My Major League Son
Phillies’ star Shane Victorino’s dad thinks ‘outside the diamond’
The father of a big league baseball player can enjoy many perks: pride, prestige, celebrity, bragging rights and a lot of money in the family. It takes a special perspective to look beyond these earthly goods and state that faith in God and service to neighbor are more important than fame and fortune.
Michael Victorino instilled these values in his son, Philadelphia Phillies’ outfielder Shane Victorino, and he is proud that throughout Shane’s professional career, he has remained a man of prayer who gives back to his community.
At 30 years of age, and in his eighth major league season, Shane has a .280 lifetime batting average and won the Gold Glove award for fielding excellence the past three years. Known for his speed, his nickname is “The Flyin’ Hawaiian,” referring to his birthplace. He was the team’s star in the 2008 season when he hit a grand slam homer in the National League playoffs and the Phillies went on to win the World Series. He also led the team to the World Series in 2009 when the Phillies lost to the New York Yankees.
Shane started off well this season before injuring his right hamstring in May, and is due to return to the line-up in early June.
“As much as I like people coming up to me and saying ‘You’re Shane’s dad,’ and as much as I like to see my son do well and win, I know there are more important things,” said Victorino, who lives in Wailuku, on the island of Maui, Hawaii. “I am most proud of my son for giving back. He always wants to help the less fortunate. His baseball playing will come to an end one day, but there will always be opportunities to serve God and neighbor.”
Shane’s most prominent effort at “giving back” came with the formation of the Shane Victorino Foundation for needy youth, through which he donated $900,000 of his own money to Boys & Girls Clubs of Philadelphia to renovate a century-old recreation center. Shane also has plans for helping young people in Hawaii.
Giving back is also important for the elder Victorino. A councilman for Maui County, he joined the Knights of Columbus 21 years ago to live out his Catholic faith more deeply and actively. After moving up the ranks of the Order in Hawaii, he was elected this year as state deputy. “If you want to stay committed to your Catholic faith and to charity, I think the Knights are the best way,” he said.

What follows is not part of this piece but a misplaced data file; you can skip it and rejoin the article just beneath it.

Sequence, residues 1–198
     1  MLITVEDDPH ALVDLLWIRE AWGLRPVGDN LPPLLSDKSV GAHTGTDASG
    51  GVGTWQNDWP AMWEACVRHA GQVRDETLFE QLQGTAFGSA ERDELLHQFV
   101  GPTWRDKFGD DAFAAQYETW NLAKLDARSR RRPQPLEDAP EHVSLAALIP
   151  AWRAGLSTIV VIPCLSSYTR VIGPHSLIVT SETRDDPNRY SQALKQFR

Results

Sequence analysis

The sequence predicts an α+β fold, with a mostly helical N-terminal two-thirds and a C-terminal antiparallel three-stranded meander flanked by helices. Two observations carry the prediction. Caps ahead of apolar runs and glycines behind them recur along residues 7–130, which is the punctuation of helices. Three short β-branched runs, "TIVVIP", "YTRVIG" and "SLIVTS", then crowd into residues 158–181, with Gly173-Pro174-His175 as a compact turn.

Among the challenges he has faced in his life was a tumor found near his brain in 1987. Relying on prayer, he has been cancer free after undergoing two operations. “There was a change in my life and attitude,” he said. “The Lord lays a path for us. If the Lord guides, and we follow, it is good.”
On one of his many offseason visits home, Shane joined his father’s K of C council six years ago, Maui Council 8578. He also was married three years ago at St. Anthony’s Church in Wailuku, and he and his wife, Melissa, have two children together.
As Michael Victorino recalls it, Shane was good in sports from the time he first kicked a soccer ball or hit a baseball, but what set him apart were his focus and determination.
“When he was younger, he did not like losing, and he didn’t understand how anyone on his team could not have that drive,” Victorino recalled. “To some, his attitude came off as arrogance or cockiness, but I always saw it as a desire to do his best, to get everything out of himself and his teammates.”
Shane played youth sports year round in sunny Hawaii, and at St. Anthony High School he drew the attention of college recruiters and pro scouts. He would compete in two sports on the same day, sometimes changing his baseball uniform between innings for the shorts and spikes of a track event.
On a day in early June 1999, he returned from school to learn that he had been drafted in the sixth round by the Los Angeles Dodgers and had a scholarship offer from the University of Hawaii. Life was good.
One evening, his father recalled, Shane went to his room to pray. When he came out, he told his family that he’d decided to take the Dodgers’ offer and play in the minor leagues, with the hope of making the majors soon.
“People look at the major leaguers with the glamour and the big contracts, but in the minor leagues, they don’t give you that much,” his father said. “You really pay your dues, and it teaches you to keep going and never give up if you want to make it.”
At one point, when he was sent down from Triple A to Double A, Shane called his dad saying that he wanted to come home. The elder Victorino shared some wisdom with his son, learned from his battle with cancer: “Don’t quit.”
Shane took the advice, and two years later broke into the majors. That same advice will surely help Shane again as he overcomes his current leg injury and returns to the batting order in June. As his dad points out, Shane doesn’t like to lose.